Submission Date

7-20-2018

Document Type

Paper- Restricted to Campus Access

Department

Philosophy

Faculty Mentor

Jonathan Marks

Comments

Presented during the 20th Annual Summer Fellows Symposium, July 20, 2018 at Ursinus College.

Project Description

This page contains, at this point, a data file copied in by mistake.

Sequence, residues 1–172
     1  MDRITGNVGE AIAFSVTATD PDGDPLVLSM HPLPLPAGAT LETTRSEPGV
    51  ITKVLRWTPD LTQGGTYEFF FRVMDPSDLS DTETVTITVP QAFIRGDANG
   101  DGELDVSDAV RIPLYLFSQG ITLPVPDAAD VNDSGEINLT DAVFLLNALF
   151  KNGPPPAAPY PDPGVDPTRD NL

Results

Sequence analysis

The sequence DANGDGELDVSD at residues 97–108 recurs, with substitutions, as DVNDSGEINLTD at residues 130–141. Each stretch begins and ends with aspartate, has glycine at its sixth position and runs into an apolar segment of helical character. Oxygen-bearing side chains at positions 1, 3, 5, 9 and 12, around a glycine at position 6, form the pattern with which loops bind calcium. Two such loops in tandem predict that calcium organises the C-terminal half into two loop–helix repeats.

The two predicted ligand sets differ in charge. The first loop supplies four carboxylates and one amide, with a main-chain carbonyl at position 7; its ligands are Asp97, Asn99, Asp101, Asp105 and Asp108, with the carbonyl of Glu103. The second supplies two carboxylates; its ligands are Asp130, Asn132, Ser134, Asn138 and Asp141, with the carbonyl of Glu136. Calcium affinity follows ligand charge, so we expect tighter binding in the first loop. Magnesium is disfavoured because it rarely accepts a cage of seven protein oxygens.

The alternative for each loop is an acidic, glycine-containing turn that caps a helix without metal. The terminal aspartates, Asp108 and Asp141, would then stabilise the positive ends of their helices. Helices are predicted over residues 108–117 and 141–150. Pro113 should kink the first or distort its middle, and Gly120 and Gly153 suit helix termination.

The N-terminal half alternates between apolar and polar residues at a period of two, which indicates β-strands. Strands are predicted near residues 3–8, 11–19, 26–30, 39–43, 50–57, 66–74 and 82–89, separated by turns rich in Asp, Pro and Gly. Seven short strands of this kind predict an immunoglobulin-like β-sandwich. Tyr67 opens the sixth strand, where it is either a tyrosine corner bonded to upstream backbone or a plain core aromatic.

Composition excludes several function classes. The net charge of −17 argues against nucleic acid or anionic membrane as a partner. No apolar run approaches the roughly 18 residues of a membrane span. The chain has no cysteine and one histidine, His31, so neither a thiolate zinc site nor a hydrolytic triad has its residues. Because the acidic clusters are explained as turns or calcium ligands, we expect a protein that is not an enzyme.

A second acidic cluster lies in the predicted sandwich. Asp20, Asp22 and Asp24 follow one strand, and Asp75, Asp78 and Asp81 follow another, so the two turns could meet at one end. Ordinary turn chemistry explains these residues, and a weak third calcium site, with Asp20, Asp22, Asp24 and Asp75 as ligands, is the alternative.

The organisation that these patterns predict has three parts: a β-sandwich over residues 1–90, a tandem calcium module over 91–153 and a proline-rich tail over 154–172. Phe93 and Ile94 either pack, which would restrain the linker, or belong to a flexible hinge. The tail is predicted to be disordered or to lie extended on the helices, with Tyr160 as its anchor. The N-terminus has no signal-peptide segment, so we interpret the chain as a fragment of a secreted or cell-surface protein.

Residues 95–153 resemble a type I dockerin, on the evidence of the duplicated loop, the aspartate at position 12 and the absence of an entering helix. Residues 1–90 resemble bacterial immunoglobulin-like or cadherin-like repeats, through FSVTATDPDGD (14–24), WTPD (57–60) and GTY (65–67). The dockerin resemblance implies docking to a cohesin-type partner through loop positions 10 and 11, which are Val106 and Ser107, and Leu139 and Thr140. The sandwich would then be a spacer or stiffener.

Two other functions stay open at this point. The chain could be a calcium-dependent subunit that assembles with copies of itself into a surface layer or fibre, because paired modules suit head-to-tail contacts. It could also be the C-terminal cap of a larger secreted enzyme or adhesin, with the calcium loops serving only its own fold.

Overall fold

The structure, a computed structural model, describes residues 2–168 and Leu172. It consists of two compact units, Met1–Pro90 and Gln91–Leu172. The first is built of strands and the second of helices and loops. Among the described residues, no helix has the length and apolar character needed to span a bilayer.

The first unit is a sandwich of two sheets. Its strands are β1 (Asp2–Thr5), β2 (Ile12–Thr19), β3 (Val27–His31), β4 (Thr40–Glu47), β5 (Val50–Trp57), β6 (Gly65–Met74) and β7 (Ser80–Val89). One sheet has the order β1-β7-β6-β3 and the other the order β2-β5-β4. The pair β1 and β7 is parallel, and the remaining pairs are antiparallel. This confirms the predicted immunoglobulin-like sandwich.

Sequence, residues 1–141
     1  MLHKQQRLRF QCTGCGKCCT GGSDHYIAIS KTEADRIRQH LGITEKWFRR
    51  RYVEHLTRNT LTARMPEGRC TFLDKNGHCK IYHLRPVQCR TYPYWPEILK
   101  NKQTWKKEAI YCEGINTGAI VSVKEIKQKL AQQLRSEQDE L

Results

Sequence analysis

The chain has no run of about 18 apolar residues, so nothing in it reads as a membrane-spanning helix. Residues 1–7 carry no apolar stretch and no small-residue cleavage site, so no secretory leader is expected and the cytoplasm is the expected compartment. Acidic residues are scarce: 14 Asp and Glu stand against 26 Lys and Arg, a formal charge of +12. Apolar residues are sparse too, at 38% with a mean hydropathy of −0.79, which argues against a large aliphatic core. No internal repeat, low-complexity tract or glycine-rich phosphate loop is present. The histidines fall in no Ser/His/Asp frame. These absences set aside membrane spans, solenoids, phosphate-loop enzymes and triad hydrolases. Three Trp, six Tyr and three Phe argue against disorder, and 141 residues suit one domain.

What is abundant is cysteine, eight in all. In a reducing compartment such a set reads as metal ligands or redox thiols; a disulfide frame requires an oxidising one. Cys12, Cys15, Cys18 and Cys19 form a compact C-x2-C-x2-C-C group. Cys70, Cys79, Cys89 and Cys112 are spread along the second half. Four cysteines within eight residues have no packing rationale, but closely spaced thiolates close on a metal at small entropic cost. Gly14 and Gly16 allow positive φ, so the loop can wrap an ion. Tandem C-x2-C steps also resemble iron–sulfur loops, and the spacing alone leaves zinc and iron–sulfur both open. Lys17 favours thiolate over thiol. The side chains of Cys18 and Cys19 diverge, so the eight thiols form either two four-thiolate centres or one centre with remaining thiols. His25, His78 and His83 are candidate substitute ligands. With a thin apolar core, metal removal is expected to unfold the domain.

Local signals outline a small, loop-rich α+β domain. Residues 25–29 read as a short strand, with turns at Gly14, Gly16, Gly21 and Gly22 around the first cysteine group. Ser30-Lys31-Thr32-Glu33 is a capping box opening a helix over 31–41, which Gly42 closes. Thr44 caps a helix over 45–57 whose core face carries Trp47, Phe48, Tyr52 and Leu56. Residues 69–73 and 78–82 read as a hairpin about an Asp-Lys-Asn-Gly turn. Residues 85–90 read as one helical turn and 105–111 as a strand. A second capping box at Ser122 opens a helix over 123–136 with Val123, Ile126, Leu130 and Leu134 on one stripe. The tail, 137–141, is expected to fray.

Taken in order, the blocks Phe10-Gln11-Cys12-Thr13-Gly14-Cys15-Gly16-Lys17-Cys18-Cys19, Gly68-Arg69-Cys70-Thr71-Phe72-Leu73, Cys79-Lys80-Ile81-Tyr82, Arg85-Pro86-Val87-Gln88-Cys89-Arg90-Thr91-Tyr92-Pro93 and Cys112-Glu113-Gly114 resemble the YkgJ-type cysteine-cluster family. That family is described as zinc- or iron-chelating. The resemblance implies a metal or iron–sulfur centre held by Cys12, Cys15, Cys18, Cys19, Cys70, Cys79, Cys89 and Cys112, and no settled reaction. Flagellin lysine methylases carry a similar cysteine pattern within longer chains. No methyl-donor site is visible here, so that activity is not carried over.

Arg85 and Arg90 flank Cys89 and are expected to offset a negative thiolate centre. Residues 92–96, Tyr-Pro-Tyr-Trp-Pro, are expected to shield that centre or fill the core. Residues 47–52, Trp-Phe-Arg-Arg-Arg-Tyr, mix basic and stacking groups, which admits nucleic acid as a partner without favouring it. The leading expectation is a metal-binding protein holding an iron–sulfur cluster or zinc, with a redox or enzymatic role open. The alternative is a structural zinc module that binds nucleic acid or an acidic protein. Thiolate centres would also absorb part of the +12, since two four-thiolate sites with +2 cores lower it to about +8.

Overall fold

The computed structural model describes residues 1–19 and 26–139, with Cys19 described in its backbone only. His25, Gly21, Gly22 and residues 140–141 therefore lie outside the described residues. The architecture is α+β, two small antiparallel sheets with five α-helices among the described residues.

Academic freedom has been a keystone of American higher education for over 100 years. It is the freedom of academics to instruct and research, free from interference by both their institutions, and the government. It is often defended on the grounds that it is crucial for maintaining our liberal society. But, what if liberal philosophy is flawed? In his 2017 work, Why Liberalism Failed, Patrick Deneen argues that it has. For Deneen, liberalism is inherently flawed. It ultimately fails, not due to any external issue, but as it becomes more itself. While purporting to increase individualism, it creates a strong statist government, and degrades the value of citizenship. It destroys local customs, and replaces them with a homogenous anticulture. It turns the government and the market into abstract and uncontrollable forces. And, it undermines the goals of the liberal arts. However, Citizens of liberal democracies are seemingly freer, and enjoy a higher standard of living, than citizens of non-liberal nations. Thus, we should not be too quick to abandon liberalism. In discussions defending both liberalism and academic freedom, one name is unavoidable: John Stuart Mill. The second book of On Liberty is often regarded to be one of the most powerful arguments for the necessity of academic freedom. In an effort to defend liberalism from Deneen’s critiques, this project examines works by John Stuart Mill. Ultimately I argue that, while liberalism’s flaws are considerable, this does not mean the loss of academic freedom.

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